Thursday, July 16, 2009.
I apologize for the late post today, I wasn’t able to get to it earlier. And, you’ll notice that I went with another flower today. Yes, that means I don’t really have the time to do a nice fancy writeup today either. But, hey, it’s a pretty flower! And it’s ORANGE! That’s, like, one of my favorite colors! It’s in the top 10 at the very least.
Actually, I just thought of something interesting I can say about it!
So, when you’re taking pictures of things that are really close, such as flowers (macro photography, if you will), you are generally dealing with an *extremely* small depth of field. Part of that is due to the aperture you’re using, but a bigger part of it is the much smaller relative distance of the subject. If you look at a camera lens that has markings on it for focus distance (there’s a fancy term for it, but I’m drawing a blank), you’ll notice that the ratio between how much you crank the focus and the distance to the focus point isn’t constant. Not even close. The first half of the focus gets you from a few feet away to maybe 20 or 30 feet away. (Just tossing these numbers out there without having a camera nearby, so the actual numbers are probably way off, I’m just trying to illustrate a point here.) But the rest of the focus moves it out to 50 feet, 100 feet, 200 feet, out to infinity. The difference between focusing on something that is 300 feet away and something that is 10 miles away is very small. But the difference between focusing on something that is 50 feet away and something that is 5 feet away is HUGE. It all has to do with math and all that, but just remember that the closer something is, the more significant small changes in distance are.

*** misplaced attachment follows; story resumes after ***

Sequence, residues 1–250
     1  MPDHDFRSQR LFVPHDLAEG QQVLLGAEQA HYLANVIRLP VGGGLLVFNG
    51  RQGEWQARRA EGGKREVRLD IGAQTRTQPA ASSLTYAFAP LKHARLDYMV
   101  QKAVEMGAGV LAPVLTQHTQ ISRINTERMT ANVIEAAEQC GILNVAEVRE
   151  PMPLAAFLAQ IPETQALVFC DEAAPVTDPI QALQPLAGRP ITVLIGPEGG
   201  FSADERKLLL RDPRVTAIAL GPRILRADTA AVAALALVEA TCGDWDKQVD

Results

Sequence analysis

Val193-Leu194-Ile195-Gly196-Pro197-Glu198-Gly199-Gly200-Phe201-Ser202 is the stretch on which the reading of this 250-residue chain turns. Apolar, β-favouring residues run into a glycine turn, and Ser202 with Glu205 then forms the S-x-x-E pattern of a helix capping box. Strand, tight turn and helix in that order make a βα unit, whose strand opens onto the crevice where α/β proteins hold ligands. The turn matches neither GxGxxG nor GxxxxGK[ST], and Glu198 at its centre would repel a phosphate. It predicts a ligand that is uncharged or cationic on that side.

Why am I talking about all of this? Oh, right, flowers. As I was saying, even if you’re using an aperture that should result in a fairly large depth of field, the literal distance that depth of field will cover is pretty small when you’re taking pictures of things that are very close. Small enough that, unless you’re taking a picture of it straight on, you’ll be forced to deal with the question of which part(s) of the flower you want to be in focus. (If the center is in focus, that’s a much different picture than if the front of the petals are in focus, for example.)
As you can see here, in this picture I decided to emphasize all the dangly bits in the middle. (I really wish I was more fluent in talking about flower parts…) I felt that being able to see the crumbly nature of the pollen was more important than being able to make out every last wave and curl of the petals. Is it? Who knows, but that’s the picture I got.
Anyway, all this talk has made me hungry. Fortunately, I found a cake with lilies on it. Perfect?
Notes: Canon EOS Rebel XT, Quantaray 70-300 mm lens. 1/640s, f/7.1, ISO 100. Focal length: 183mm.